Unfortunately I didn’t see this until we were done, so I couldn’t play it for him, but I did in the video below.

In a way, this experience was the last bit of proof that I needed. Simple is better. This song, which I was really insecure about when I wrote it because I thought it was too simple, resonated so much with this person that he requested it at a live show 12 years later. That, to me, is amazing. And when I started thinking about it, the handful of more complex songs I actually managed to finish at that time I’ve stopped playing years ago.

Here is the song that was requested:

It’s not the size that counts, it’s what you do with it

As I already pointed out, simple doesn’t mean generic unless you make it sound generic. The fact is that when it comes to arrangements, simple songs tend to offer the most freedom. The more complicated the composition, the more difficult it can be to come up with harmonies or to put in a bunch of different instruments that don’t clash. In fact, I wrote a song years ago that’s not really complicated at all, but it contains a couple of chords that don’t really make sense within the key (which sort of surprise you, and add a hook, but don’t make it overly complex in any way). Just the fact that those chords don’t follow what your natural instincts expect within the context of the key made it really difficult to arrange vocal harmonies for that song, because they couldn’t follow the melody logically, since the chord progression didn’t follow the key logically.

To me, a song that is classically constructed, following the “rules”, is the easiest to play around with when you arrange and/or record it. Again I can cite the songwriting greats I referenced before, but an even greater example is one of my favorites, Eels. Mark Everett, or Mr. E, the man behind Eels, usually writes really simple songs, and in fact many of his songs are very similar. Where he really shines, though, is in his imaginative arrangements. Through those he can take two songs that are structurally and musically almost exactly the same, and make them into very different works of art.

Another example of how much freedom simplicity allows you is a cover version me and the band made of Michael Jackson’s Beat It. This is an extremely simple composition, and even though most people can’t imagine a different version from Jackson’s (it’s iconic, after all), it’s actually open to any number of interpretations. It’s only 3 chords (but mostly 2). It’s like putty, really. We turned it into a waltz, but it could just as easily lend itself to polka or bluegrass, or anything you’d care to throw at it.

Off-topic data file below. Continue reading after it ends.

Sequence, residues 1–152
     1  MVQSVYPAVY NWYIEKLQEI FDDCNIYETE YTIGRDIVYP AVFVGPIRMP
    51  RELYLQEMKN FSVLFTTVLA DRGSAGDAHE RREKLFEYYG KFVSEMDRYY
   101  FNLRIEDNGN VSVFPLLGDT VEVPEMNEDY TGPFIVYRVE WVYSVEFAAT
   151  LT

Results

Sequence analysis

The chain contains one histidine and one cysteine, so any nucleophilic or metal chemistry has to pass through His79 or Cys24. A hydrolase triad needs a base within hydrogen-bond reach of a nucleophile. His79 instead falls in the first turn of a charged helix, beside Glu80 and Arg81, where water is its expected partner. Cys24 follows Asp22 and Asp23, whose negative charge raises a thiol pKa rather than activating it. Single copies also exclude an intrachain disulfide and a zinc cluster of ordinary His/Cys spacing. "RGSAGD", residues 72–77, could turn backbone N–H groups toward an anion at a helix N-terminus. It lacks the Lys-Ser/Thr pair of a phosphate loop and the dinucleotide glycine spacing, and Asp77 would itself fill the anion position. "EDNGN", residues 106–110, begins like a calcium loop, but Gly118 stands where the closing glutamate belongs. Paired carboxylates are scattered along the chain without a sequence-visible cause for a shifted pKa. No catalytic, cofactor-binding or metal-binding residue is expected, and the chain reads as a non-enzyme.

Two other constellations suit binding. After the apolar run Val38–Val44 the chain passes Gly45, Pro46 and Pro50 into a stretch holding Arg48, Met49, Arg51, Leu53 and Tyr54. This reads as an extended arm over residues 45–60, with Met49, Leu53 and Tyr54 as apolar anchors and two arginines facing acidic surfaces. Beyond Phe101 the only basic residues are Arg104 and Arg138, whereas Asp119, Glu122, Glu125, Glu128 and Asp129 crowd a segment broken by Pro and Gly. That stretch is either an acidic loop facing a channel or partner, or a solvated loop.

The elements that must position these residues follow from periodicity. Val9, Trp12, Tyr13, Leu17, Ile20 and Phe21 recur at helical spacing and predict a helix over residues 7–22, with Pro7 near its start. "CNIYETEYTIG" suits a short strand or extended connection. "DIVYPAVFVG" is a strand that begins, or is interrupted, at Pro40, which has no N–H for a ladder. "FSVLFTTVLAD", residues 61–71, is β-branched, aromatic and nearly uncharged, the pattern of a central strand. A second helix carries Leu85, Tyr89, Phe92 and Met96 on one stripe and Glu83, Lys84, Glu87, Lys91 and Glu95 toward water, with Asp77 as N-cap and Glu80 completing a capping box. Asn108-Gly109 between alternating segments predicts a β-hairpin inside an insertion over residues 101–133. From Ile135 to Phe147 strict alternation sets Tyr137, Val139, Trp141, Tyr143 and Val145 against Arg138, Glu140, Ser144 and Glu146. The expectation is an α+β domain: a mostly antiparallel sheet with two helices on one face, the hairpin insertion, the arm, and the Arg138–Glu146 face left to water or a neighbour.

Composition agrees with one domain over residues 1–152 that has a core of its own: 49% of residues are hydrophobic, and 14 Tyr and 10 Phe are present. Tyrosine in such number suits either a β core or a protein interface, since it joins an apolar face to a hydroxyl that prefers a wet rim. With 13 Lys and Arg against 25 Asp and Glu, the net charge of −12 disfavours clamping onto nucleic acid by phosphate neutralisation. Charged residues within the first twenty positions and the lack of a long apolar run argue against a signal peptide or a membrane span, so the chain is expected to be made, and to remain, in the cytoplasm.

Below is a terrible live recording of my version. I’m working on a better version.

The flip side

A complex song, on the other hand, makes playing around with arrangements a lot harder. Let’s take a song like Bohemian Rhapsody as an example. I’m sure we’ve all heard some cover version of that or other. And I’m sure most of them are terrible. I have heard some a capella versions that don’t suck, but those don’t add much – they’re basically vocal versions of the original arrangement. In fact, I’ve never heard anybody really make Bohemian Rhapsody their own, without it sounding like (or being) a parody. I think that’s because the song is so rich and complicated that it doesn’t offer any leeway when it comes to the arrangement. If Beat It is like putty, Bohemian Rhapsody is like diamond.

Find your voice

Now, don’t get me wrong. I don’t think everybody should only be writing simple folk music, or that complexity doesn’t have it’s place. Not by any means. I grew up listening to Queen, so I certainly enjoy some complex songs. Bohemian Rhapsody might be the greatest rock song ever written. My point is that it should never be forced. Most of us don’t have the ability to weave together really complex music and still make it catchy, like Queen did (although some of their most popular songs were still pretty simple). For the most part, if you try to force complexity, it will fall flat on it’s face. If I had a dime for every singer-songwriter I’ve seen who makes a big show of writing complicated, open-tuned guitar licks and then adding vocals on top, making the guitar playing impressive but the song itself entirely forgettable, I’d have enough for a few beers, easily.

My point is not that everybody should write the same kind of stuff. And it’s not that my style of songwriting will work for everybody. My point is that while inspiration (and when you’re starting out even copying) is great, the only way to find your own voice and be successful as a songwriter is to allow your craft to flow naturally. If your song needs a chorus, write a chorus – but it may not. If your songwriting style is complicated and your songs are prog-rock masterpieces, then keep it up. But if you’re like me, and your style is just as simple as it can be, never feel inadequate, and never try to force it to be anything different than what it is. Because you can never find your voice and hone it if you keep try to force it into a mold it doesn’t fit in.

What do you think? Is minimalism boring, or is it essential? Does this apply to other artforms as well? I’d love to hear your thoughts in the comments below.